Effect of structural distortions on articular cartilage permeability under large deformations
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The permeability of articular cartilage has a key role in load support and lubrication in diarthrodial joints. The microstructural rearrangement and consequent alteration in permeability caused by the large deformations undergone by cartilage have been previously modelled with a multi-scale approach. At the microscopic scale, the tissue is regarded as a homogeneous fluid-filled proteoglycan matrix reinforced by collagen fibres. A material point is described by a representative element of volume (REV), comprising a collagen fibre surrounded by a jacket of fluid-saturated proteoglycan matrix. At the macroscopic scale, the statistical orientation of the fibres is accounted for via averaging of the REV over all possible directions. The previous models accounted for volumetric deformation and fibre reorientation, but did not consider the cross-sectional distortion of the REV, which changes the widths of the fluid channels in different directions. We account for REV cross-sectional distortion and demonstrate its effects by simulating confined compression tests for the superficial, middle and deep zones of articular cartilage. The proposed model captures published experimental results that were not reproduced correctly by the previous models, and shows that each factor (volumetric deformation, fibre reorientation, REV cross-sectional distortion) can be dominant, depending on fibre orientation and amount of compression, implying that all three factors should be accounted for when modelling cartilage permeability.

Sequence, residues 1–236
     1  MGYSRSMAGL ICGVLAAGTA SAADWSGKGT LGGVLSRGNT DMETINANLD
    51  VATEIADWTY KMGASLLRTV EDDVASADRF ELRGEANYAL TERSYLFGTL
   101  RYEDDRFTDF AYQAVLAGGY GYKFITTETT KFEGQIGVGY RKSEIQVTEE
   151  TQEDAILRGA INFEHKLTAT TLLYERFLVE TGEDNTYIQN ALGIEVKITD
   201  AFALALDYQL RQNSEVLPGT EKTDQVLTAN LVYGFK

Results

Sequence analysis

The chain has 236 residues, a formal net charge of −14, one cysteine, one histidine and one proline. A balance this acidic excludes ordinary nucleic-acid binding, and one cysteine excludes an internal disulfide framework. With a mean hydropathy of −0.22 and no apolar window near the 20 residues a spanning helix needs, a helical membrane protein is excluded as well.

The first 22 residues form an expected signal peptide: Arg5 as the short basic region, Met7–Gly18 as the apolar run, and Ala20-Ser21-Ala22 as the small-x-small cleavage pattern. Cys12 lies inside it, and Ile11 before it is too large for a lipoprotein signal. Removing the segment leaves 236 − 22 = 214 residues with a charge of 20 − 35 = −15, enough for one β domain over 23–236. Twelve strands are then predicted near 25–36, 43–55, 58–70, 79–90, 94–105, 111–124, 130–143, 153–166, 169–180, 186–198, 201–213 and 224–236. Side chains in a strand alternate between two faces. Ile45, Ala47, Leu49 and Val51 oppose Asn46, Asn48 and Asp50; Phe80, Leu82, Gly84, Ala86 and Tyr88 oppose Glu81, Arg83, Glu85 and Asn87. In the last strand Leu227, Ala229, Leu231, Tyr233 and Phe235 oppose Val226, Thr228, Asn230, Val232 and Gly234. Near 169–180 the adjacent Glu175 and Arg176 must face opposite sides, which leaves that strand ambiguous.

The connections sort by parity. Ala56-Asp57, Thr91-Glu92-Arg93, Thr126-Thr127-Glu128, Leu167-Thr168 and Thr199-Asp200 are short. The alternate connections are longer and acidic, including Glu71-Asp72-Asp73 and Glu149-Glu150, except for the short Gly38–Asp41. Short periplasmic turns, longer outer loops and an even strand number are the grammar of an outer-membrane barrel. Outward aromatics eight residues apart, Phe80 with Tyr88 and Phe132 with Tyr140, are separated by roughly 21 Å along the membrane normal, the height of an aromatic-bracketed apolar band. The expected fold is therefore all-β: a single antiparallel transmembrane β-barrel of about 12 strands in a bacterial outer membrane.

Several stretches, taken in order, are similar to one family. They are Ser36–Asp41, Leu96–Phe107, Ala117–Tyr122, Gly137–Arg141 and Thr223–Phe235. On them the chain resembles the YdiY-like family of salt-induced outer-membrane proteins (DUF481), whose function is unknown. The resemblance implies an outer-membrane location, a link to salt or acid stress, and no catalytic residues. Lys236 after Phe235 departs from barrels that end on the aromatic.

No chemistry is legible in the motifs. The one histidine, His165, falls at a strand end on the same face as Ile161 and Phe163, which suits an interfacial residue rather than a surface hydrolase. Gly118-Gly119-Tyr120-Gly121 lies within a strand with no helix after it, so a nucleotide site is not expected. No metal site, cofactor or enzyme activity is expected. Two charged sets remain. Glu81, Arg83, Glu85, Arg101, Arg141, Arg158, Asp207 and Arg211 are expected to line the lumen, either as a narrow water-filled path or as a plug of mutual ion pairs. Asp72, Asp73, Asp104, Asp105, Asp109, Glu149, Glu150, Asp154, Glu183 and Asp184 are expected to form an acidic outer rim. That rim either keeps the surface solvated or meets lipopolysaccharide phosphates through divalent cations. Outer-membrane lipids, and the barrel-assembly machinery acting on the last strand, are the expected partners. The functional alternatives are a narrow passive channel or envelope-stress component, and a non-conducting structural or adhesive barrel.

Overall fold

KeywordsArticular cartilage Distortion Permeability Large deformations Collagen fibre Proteoglycans Statistical orientation
This work was supported in part by Alberta Innovates - Technology Futures (Canada), through the AITF New Faculty Programme [SF], Alberta Innovates - Health Solutions (Canada), through the Postgraduate Fellowship Programme [MM] and the Sustainability Programme [SF], the Natural Sciences and Engineering Research Council of Canada, through the NSERC Discovery Programme [WH,SF] the NSERC CREATE Programme [MM], the Canadian Institutes of Health Research (CIHR) [WH], the Canada Research Chair Programme [WH], the Killam Foundation [WH], the Biomedical Engineering Graduate Programme of the University of Calgary (Canada), through the BME GP Academic Award [KH] and the BME Research Scholarship Award [KH]. We acknowledge the useful discussions with Dr. Alfio Grillo (Politecnico di Torino, Italy), Dr. Robert J. Martinuzzi (The University of Calgary, Canada), and Dr. Gerhard A. Holzapfel (Technische Universität Graz, Austria). Part of this research was initially presented at the European Society of Biomechanics Annual Congress (Lyon, France, 10–13 July 2016). Finally, we would like to thank two anonymous Referees for their crucial comments on the description of the problem.
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